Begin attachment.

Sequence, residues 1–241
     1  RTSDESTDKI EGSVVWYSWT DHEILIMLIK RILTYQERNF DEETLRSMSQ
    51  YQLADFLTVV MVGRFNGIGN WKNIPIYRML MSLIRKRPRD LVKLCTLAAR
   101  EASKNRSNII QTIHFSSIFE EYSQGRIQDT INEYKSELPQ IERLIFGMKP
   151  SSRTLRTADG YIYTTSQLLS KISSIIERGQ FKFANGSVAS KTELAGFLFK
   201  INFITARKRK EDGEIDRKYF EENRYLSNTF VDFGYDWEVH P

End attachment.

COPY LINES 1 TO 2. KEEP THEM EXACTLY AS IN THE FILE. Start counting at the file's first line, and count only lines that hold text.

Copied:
Sequence, residues 1–241
     1  RTSDESTDKI EGSVVWYSWT DHEILIMLIK RILTYQERNF DEETLRSMSQ